Federal and State Laws on Identity Theft

Kathleen Esposito
Handcuffs

Laws on identity theft are getting more and more stringent as thieves get more sophisticated and an increasing number of consumers are getting victimized every year. While each state has its own specific identity theft regulations, there are some important federal laws that are on the books to deter people from committing this crime and to punish offenders.

Federal Laws on Identity Theft

Identity Theft Assumption and Deterrence Act

This law, which was passed in 1998, was the first to declare identity theft to be a federal crime instead of having it simply under state jurisdiction. Under this law, thieves could face up to 30 years in federal prison if convicted, depending on the severity of the crime. It also allowed for consecutive sentences for those who committed multiple offenses. Note that, with this law, thieves could only be charged with a federal crime if the crime involved interstate commerce in some way; for example, if a thief was committing mail fraud between two states.

CAN-SPAM ACT of 2003

This cleverly titled law is called the Controlling the Assault of Non-Solicited Pornography and Marketing Act. It helps to deter identity thieves from sending fraudulent emails, which are usually used to operate phishing scams. With this law, all who send unsolicited email are required to label it as such and to provide both opt-out instructions and the physical address of the sender. It also makes it illegal to use deceptive subject lines. This law was enacted on the first of January, 2004. If you've looked in your inbox lately, though, you may have noticed that many e-mail senders have chosen to ignore the provisions of this law.

Identity Theft Penalty Enhancement Act

Also passed in 2004, this law called for mandatory sentencing in the case of certain crimes involving identity theft. It also established two new classes of identity theft that were not on the books before. The first is aggravated identity theft, which refers to identity theft that a person commits in order to commit another crime. An example would be if a person steals a passport and then uses that identification to fraudulently receive government assistance.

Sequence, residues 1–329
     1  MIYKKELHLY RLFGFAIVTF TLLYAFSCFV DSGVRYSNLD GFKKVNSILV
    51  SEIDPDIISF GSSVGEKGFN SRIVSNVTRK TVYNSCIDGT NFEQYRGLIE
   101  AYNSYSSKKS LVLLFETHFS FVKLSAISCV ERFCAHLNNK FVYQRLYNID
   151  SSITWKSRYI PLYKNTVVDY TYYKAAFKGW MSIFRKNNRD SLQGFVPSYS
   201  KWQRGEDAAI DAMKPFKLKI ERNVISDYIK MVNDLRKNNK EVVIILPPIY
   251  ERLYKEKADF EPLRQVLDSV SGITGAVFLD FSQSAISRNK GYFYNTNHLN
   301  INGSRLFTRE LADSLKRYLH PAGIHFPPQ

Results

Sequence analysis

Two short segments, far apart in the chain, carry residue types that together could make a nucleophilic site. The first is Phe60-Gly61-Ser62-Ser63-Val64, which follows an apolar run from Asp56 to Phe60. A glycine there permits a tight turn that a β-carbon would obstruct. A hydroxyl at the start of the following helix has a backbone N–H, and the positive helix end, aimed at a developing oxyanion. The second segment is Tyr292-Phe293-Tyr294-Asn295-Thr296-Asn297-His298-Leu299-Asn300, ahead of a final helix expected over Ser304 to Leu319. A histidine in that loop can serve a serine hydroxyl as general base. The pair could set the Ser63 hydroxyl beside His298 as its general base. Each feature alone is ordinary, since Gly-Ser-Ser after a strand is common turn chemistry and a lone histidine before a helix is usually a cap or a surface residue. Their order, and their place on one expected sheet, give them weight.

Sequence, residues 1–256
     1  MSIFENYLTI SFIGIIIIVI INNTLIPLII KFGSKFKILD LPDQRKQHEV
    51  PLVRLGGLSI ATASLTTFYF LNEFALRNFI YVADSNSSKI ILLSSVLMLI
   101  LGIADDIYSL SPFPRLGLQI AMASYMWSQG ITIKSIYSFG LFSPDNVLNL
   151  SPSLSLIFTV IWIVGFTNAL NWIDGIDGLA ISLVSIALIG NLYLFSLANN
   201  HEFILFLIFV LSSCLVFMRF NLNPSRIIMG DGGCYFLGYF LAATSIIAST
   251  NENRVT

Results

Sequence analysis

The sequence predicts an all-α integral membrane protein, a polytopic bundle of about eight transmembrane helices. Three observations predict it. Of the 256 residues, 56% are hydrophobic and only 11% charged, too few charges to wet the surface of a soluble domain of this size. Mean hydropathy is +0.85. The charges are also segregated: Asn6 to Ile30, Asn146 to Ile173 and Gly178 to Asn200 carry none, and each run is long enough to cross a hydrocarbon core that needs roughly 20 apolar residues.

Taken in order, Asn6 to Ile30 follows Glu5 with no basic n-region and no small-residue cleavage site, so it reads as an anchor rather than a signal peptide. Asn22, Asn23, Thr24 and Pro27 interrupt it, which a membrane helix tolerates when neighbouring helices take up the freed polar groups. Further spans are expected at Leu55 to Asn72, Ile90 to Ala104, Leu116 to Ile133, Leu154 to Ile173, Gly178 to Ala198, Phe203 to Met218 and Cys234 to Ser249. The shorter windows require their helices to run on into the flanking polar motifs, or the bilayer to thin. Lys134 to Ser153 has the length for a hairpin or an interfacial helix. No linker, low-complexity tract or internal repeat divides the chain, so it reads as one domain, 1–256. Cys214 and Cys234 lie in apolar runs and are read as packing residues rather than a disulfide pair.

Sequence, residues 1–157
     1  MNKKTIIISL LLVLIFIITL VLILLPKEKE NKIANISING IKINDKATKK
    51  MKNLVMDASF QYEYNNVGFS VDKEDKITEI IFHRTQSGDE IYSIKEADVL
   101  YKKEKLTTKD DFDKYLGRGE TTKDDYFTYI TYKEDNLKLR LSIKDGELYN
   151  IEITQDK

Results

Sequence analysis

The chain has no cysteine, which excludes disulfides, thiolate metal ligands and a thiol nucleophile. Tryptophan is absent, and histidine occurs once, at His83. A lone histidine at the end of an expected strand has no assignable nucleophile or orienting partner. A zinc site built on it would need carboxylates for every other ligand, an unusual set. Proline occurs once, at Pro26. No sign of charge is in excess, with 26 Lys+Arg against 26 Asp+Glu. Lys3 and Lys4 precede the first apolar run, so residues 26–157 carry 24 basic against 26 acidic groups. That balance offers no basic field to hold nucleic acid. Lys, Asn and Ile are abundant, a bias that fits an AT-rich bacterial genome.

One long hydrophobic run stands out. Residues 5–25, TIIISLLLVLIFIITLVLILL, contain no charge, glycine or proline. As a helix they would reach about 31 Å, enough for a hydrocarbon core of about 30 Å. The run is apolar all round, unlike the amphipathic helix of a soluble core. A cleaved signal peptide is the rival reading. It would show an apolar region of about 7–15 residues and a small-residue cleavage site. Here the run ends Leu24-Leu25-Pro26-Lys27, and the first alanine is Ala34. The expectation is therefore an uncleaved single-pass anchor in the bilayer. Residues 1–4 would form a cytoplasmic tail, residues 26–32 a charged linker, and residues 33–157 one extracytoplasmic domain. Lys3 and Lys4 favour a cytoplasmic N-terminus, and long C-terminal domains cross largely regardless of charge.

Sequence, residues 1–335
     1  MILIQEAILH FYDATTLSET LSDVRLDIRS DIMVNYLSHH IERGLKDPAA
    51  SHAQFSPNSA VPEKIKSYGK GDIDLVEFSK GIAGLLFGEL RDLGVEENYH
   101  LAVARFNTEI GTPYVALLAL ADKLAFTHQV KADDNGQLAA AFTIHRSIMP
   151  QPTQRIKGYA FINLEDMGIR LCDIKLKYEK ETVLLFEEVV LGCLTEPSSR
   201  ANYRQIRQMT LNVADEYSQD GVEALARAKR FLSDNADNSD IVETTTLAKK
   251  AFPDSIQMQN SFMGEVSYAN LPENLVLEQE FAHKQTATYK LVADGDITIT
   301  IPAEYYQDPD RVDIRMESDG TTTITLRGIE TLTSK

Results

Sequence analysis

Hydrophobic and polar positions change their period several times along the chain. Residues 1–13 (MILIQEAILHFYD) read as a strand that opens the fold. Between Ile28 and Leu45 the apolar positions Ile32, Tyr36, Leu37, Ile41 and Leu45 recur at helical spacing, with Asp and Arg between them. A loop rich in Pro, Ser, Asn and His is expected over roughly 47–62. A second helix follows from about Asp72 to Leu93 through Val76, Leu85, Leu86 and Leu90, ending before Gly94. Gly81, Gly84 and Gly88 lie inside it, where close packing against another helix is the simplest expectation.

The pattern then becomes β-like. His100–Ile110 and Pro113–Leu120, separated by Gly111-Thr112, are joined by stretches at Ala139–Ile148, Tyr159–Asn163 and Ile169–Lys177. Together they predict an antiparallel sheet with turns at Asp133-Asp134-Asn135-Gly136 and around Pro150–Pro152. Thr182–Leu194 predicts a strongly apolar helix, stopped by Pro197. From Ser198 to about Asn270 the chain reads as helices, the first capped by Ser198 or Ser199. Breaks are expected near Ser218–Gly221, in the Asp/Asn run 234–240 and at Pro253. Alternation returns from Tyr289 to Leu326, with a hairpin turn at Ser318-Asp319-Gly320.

The second is terrorism-related identity theft. This happens when a person, for example, uses that passport to help a known terrorist enter the country even though he is on the no-fly list. A crime can fit both criteria at the same time, with the terrorism portion adding stronger penalties if the person is convicted.

State Penalties

The National Conference of State Legislatures provides a comprehensive list of state laws on identity theft on its website. Most states classify all cases of identity theft as felonies, but some still consider minor cases to be misdemeanors, although this can change. Usually, a misdemeanor will only occur if the victim loses less than $500 due to the crime.

Report Any Problems You Experience

Laws on identity theft only work well when the victims report the crimes to law enforcement. If you're ever a victim of identity theft, it is important to not only let your creditors know and to put a fraud alert on your credit file; you also need to file a police report in the area where the crime occurred. If law enforcement doesn't know about the crime, there is no way to work to prosecute the responsible party.

Federal and State Laws on Identity Theft